Every field contains a unique smallest subfield

Let F be a field. Prove that F contains a unique smallest subfield F_0 and that F_0 is isomorphic to either \mathbb{Q} or \mathbb{Z}/(p) for some prime p. (F_0 is called the prime subfield of F.)

We begin with a lemma.

Lemma: Let F be a field and let \mathcal{C} be a set of subfields of F. Then \bigcap \mathcal{C} is a subfield of F. Proof: \bigcap \mathcal{C} is a subring of F, and contains 1 since 1 \in E for all E \in \mathcal{C}. Let r \in F. Then r \in E for each E \in \mathcal{C}, and so r^{-1} \in E. Then r^{-1} \in F, and thus F is a field. \square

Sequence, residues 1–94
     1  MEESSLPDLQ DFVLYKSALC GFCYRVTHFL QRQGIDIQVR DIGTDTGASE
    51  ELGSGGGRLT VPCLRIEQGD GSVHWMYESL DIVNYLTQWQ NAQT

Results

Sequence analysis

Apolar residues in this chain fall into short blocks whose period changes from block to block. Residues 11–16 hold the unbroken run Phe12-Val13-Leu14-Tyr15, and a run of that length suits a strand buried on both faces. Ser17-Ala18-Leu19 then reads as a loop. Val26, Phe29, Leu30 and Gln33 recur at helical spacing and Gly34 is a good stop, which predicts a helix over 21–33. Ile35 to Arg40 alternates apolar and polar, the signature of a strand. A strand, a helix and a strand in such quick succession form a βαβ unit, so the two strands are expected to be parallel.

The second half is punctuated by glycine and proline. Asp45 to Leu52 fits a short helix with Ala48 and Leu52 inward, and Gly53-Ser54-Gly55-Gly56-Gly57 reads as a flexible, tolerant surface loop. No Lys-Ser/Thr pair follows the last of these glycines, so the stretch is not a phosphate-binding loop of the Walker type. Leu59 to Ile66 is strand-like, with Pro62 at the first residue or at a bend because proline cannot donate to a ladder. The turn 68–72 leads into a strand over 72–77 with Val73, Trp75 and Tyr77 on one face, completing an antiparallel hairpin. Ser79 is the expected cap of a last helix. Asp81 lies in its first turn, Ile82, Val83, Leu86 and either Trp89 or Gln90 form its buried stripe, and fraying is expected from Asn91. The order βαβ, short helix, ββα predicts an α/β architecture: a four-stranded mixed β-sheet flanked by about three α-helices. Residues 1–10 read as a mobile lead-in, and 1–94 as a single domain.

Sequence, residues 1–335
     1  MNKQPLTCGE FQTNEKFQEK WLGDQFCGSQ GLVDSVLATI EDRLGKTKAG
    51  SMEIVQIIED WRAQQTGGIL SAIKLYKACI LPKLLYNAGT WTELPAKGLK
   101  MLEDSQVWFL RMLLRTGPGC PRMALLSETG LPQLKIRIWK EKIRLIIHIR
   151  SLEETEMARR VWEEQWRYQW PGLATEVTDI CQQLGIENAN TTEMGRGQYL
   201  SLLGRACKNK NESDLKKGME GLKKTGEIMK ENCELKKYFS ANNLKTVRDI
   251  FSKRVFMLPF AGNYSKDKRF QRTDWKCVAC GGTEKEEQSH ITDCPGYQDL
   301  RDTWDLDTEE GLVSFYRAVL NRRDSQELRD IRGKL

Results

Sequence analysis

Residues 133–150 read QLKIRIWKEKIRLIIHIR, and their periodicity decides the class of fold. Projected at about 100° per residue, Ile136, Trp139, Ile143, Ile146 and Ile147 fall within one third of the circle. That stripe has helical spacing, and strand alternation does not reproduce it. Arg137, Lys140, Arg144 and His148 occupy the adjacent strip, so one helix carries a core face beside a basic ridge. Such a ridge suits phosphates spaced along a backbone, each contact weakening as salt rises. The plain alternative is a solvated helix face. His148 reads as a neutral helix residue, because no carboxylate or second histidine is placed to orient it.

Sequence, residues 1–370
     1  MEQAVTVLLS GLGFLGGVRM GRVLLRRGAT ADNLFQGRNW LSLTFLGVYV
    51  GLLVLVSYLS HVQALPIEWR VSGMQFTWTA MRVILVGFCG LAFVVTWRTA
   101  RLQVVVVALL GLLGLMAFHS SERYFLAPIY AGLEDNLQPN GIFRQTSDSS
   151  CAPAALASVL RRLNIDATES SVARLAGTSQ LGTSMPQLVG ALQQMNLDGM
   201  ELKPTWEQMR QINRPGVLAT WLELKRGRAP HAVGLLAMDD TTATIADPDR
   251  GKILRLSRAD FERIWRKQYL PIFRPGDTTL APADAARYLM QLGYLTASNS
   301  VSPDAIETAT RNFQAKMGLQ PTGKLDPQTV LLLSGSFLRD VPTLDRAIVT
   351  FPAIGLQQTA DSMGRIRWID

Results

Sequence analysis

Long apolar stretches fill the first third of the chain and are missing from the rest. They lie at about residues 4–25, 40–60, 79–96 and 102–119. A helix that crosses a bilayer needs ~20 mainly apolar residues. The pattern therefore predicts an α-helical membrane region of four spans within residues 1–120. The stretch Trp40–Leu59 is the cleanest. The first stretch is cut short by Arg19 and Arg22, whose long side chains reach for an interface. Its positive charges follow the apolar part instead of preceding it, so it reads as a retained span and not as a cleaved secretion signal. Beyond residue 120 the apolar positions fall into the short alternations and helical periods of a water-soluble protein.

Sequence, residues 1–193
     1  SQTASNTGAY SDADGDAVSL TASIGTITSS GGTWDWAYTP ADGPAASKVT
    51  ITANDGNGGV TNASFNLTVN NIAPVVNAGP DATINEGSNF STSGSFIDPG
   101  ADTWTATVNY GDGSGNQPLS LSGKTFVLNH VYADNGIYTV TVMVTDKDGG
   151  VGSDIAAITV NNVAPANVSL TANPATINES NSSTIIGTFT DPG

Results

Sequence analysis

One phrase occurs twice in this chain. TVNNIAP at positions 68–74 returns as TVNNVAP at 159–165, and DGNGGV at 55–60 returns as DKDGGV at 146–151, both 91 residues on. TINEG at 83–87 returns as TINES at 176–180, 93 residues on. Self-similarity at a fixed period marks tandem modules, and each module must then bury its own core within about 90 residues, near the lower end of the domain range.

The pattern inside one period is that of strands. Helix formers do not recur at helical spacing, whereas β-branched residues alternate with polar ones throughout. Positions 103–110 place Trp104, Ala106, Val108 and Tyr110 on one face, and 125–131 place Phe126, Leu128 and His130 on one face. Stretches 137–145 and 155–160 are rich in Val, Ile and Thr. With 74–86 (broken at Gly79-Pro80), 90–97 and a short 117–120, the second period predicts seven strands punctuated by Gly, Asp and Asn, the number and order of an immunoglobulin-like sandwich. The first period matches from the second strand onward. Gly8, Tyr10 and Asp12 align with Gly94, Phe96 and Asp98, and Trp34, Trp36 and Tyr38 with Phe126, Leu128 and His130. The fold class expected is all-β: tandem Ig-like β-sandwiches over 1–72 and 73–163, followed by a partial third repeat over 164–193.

Let F be a field, and let \mathcal{F} denote the set of all subfields of F. By the lemma, F_0 = \bigcap \mathcal{F} is a subfield of F and is contained in every other subfield.

Now consider the ring homomorphism \varphi : \mathbb{Z} \rightarrow F_0 with \varphi(1) = 1. The induced map \psi : \mathbb{Z}/(n) \rightarrow F_0 is an injective ring homomorphism, and by these two previous exercises, n is a prime or 0. Certainly for all nonzero a \in \mathbb{Z}/(n), \psi(a) is a unit in F_0. Thus we have an injective homomorphism \Phi : F(\mathbb{Z}/(n)) \rightarrow F_0, where F(\mathbb{Z}/(n)) denotes the field of fractions. Note that \mathsf{im}\ \Phi is a subring of F which is a field, and thus \mathsf{im}\ \Phi = F_0. Thus \Phi is an isomorphism. Now if n = 0, then F_0 \cong \mathbb{Q}, and if n = p is prime, then F_0 \cong \mathbb{Z}/(p).

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